Art Law Report

Foreign Cultural Exchange Jurisdictional Clarification Act and the Immunity from Seizure Act—Status Quo Is Often Misunderstood

Posted by Nicholas O'Donnell on June 15, 2015 at 6:04 AM

There has been additional commentary in the last week on the Foreign Cultural Exchange Jurisdictional Clarification Act, including this piece at Hyperallergic in which I’m quoted. The piece reminds me to revisit a confusing subject latent in the whole discussion: immunity from suit versus immunity from seizure. Despite what one frequently reads, the current bill would have no effect at all on immunity from seizure, which seems to be most people’s concern. It would affect only a small category of exceptions for immunity from suit, that is, who can be sued, not what can be loaned into the United States.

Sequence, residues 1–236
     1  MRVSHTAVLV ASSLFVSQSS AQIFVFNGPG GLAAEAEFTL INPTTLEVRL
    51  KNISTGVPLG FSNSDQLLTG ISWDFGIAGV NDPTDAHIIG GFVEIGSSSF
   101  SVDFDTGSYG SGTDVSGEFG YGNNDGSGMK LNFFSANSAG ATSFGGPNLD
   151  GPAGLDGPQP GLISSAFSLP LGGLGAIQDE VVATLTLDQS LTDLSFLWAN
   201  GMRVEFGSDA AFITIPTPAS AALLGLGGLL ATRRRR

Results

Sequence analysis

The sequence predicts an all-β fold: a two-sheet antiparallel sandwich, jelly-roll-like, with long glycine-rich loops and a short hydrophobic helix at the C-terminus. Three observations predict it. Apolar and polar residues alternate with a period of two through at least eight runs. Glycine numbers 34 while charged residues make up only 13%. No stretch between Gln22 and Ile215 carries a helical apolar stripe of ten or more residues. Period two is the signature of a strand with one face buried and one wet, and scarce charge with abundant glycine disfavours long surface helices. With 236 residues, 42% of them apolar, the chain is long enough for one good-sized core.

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Topics: Foreign Cultural Exchange Jurisdictional Clarifica, Amsterdam, Thyssen-Bornemisza Collection, U.S. Federal Republic of Germany, Foreign Sovereign Immunities Act, FSIA, Restitution, Kingdom of Spain, IFSA, Foreign Sovereign Immunities, Immunity from Seizure Act, Museums, 28 U.S.C. § 1605, Foreign Cultural Exchange Jurisdictional Immunity, State Department

Foreign Cultural Exchange Jurisdictional Clarification Act Returns

Posted by Nicholas O'Donnell on June 10, 2015 at 12:47 PM

The U.S. House of Representatives passed yesterday H.R. 889, the Foreign Cultural Exchange Jurisdictional Clarification Act for the third time in four years. Identical bills passed the house in early 2012 and again last year but failed to win passage in the Senate and signature by the President, thus expiring without becoming a law (and remaining just a bill sitting on Capitol Hill). Will it become law? Probably not, and after a little reflection and evolution, that’s probably for the best.